We are also terribly common when we visit art galleries - we try and see if portraits look like people we know.

MsCaroline said...

Stacy - Oh, yes, I know exactly what you mean - your kids are about the same age as mine, so we probably have a few lines in common!

Emma - Oh, you poor thing. Those little guys are all over the elementary school here. (rolls eyes.)

NVG - HA! I never played it, but I'm sure that MrL and the boys would have appreciated it. Speaking of video games, there's some shooting game out there with a Russian character, and every time we run across Russians (usually in airports) they start quoting the Russian lines from the game to each other. Do they know what they're saying? No. Someday one of them will probably get punched by an offended Russian tourist.

MsCaroline said...

Michelloui: Yep, Son#2 is 15 and that was one of the few movies that we both enjoyed (and I felt I deserved it, after suffering through 'Inspector Gadget' so many times.) MrL enjoyed it too: nice to have a supportive spouse, especially when it comes to Disney films. The line, "Dishonor! Dishonor on you, dishonor on your family, dishonor on your cow!" is used quite frequently at our house...I'm sure you'll understand. (And yes, it was pretty cool to see!)

MsCaroline said...

Wilma - no complaints here. I hated some of them, but I appreciate a well-made and amusing animated film as well as a 'people' film - and 'Mulan' happens to be a favorite of mine anyway. It's pretty amazing the way pop culture creeps into just about any activity, though. We probably have just as many Monty Python and Lord of the Rings references in our family lexicon.

MsCaroline said...

Trish - yes, it's my natural sophistication that attracts readers to my blog, I know. ; )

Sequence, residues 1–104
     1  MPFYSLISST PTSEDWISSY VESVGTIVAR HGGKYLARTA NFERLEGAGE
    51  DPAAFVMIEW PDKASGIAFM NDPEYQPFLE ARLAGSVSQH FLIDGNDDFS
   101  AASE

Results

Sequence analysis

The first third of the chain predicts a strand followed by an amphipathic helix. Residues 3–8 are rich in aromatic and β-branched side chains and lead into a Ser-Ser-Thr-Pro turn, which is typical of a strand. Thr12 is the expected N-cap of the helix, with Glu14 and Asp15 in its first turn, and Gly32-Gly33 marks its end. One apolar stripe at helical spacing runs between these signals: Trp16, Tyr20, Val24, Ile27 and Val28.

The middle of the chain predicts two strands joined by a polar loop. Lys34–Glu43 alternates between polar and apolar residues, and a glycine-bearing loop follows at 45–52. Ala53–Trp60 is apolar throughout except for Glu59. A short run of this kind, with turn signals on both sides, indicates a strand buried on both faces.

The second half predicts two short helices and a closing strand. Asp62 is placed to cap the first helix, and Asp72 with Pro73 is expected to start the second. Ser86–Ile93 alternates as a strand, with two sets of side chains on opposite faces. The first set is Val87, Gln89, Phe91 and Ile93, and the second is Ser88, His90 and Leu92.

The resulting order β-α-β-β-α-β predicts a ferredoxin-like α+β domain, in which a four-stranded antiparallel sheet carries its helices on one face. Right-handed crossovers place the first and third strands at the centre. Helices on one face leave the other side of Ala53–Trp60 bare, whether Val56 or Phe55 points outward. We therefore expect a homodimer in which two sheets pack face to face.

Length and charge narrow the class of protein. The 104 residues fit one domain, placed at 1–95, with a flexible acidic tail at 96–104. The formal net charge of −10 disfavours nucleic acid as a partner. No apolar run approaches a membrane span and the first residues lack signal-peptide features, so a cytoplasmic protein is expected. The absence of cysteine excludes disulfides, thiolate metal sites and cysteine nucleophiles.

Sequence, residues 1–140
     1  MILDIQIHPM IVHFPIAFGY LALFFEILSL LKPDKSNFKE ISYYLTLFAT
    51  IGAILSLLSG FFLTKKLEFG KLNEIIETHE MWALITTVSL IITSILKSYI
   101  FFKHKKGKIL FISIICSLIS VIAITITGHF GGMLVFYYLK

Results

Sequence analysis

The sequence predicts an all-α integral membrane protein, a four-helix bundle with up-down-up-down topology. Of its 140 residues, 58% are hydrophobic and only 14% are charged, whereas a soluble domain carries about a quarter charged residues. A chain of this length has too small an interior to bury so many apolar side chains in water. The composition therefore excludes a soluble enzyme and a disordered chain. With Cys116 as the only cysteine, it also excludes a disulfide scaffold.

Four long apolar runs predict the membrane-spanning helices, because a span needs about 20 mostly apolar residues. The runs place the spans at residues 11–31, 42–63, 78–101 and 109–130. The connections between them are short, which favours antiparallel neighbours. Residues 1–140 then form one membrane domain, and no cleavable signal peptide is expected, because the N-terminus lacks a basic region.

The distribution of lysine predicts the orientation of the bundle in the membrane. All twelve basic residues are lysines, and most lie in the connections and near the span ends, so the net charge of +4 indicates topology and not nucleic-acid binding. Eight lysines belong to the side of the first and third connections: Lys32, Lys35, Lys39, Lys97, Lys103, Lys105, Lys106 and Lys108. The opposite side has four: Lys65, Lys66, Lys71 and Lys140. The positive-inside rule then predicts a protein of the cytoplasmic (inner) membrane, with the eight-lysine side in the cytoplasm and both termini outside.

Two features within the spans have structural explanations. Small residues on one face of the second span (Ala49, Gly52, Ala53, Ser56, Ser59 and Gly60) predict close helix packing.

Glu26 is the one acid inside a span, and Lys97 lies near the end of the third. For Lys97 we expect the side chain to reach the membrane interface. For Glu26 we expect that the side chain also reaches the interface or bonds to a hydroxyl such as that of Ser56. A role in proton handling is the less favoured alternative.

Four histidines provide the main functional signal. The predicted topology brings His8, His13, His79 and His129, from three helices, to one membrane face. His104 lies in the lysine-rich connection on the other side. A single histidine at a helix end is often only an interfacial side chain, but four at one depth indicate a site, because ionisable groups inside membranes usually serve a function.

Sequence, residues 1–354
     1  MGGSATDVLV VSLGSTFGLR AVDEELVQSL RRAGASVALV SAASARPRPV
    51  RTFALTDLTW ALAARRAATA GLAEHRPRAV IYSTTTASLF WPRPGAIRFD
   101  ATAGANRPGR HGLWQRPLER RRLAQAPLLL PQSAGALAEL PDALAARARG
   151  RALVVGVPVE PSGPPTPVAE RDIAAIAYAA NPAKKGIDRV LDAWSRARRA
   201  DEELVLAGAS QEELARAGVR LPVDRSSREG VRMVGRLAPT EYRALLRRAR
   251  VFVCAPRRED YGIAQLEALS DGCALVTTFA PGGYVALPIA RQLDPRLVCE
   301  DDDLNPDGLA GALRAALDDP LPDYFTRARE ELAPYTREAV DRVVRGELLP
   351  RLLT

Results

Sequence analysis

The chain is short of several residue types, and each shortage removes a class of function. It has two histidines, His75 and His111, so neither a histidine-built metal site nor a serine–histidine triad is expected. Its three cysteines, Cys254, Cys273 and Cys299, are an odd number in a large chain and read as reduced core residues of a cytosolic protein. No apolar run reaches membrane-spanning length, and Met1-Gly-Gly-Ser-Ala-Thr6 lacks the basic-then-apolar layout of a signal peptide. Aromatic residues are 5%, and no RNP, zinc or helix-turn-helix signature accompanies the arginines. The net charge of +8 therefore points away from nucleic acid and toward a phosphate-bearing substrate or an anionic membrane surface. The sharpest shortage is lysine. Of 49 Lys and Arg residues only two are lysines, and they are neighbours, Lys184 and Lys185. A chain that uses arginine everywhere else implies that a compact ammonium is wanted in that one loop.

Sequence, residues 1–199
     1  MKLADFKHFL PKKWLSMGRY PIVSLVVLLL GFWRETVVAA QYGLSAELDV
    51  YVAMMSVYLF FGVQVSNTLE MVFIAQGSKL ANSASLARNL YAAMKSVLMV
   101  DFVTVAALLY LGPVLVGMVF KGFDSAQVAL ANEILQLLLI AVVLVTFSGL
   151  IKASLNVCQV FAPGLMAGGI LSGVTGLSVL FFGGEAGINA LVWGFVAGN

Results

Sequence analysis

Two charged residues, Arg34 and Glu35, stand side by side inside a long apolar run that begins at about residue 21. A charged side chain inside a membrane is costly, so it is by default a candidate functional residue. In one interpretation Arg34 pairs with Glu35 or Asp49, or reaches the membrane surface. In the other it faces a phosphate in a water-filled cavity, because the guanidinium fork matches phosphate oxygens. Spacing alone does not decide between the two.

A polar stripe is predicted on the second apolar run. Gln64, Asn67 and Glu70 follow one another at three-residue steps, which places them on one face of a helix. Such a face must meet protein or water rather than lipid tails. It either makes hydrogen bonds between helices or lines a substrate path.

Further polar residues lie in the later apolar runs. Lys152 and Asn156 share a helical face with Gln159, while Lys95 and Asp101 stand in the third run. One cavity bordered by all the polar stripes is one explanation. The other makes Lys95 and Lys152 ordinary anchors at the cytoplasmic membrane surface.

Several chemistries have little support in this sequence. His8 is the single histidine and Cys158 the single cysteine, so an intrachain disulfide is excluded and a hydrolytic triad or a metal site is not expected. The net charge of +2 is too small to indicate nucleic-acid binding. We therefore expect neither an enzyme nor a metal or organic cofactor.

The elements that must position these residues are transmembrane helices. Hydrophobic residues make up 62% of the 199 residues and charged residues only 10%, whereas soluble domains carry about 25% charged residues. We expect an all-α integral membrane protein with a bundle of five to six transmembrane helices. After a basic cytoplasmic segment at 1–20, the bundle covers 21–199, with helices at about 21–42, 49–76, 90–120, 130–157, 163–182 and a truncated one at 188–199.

Rory in Paris: parenting is a thankless task, isn't it? Try to instill some culture in a child, and he thinks about Mr Bean. (I would have laughed too!)

We do the same thing in art galleries - we're even worse when it comes to sculpture. We should be ashamed of ourselves.

Elizabeth Musgrave said...

I was about to say something witty about popular culture and parenting but was totally distracted by the spam link to weight loss tips for children! Why do they think that you and the readers of your blog have fat children? A still smiling while whistling and dancing along to "the bare necessities"! Fabulous.

MsCaroline said...

Elizabeth - I'm starting to get worried about the Anonymous comments - my spam blocker has always caught them before, but I think the spam-bots have figured out a way to get around it. And I have no idea what (if anything) about Chinese New Year in Hong Kong would lead a spambot to believe that my readers' children (or mine) needed weight loss tips. At least you were provided with a good laugh, right? Oh, and yes - Mowgli was a favorite in our house, too!

Nance said...

Disney is like Cultural Kudzu. It is now so pervasive and so widespread that it has invaded every nook and cranny of our lives.

My students equated everything with a Disney reference, and this was HIGH SCHOOL. It was worrisome, to be honest. Here were 15-16-17 year olds who were still infatuated with Disney stuff.

I wonder if it is uniquely American to commercialize so much of our culture: licensed characters are on everything, and even our history is co-opted by animated characters now.

MsCaroline said...

Nance - to be fair, it's not just Disney. I think the steady diet of TV/Movie animation in general has a lot to answer for. Of course, I suppose you could also argue that it's better for them to have basic familiarity with a plotline - even if all the characters are impossibly articulate moles - than not. I still remember the first time I taught Heine's poem, 'Die Lorelei' (magical Rhine maiden who bewitches sailors and causes them to steer their boats into rocks - Siren-like) and all my high school students assured me they knew the story because they'd seen it on 'Duck Tales.' I guess it saved me a little time and explanation. I suppose it's like everything else - fine in moderation.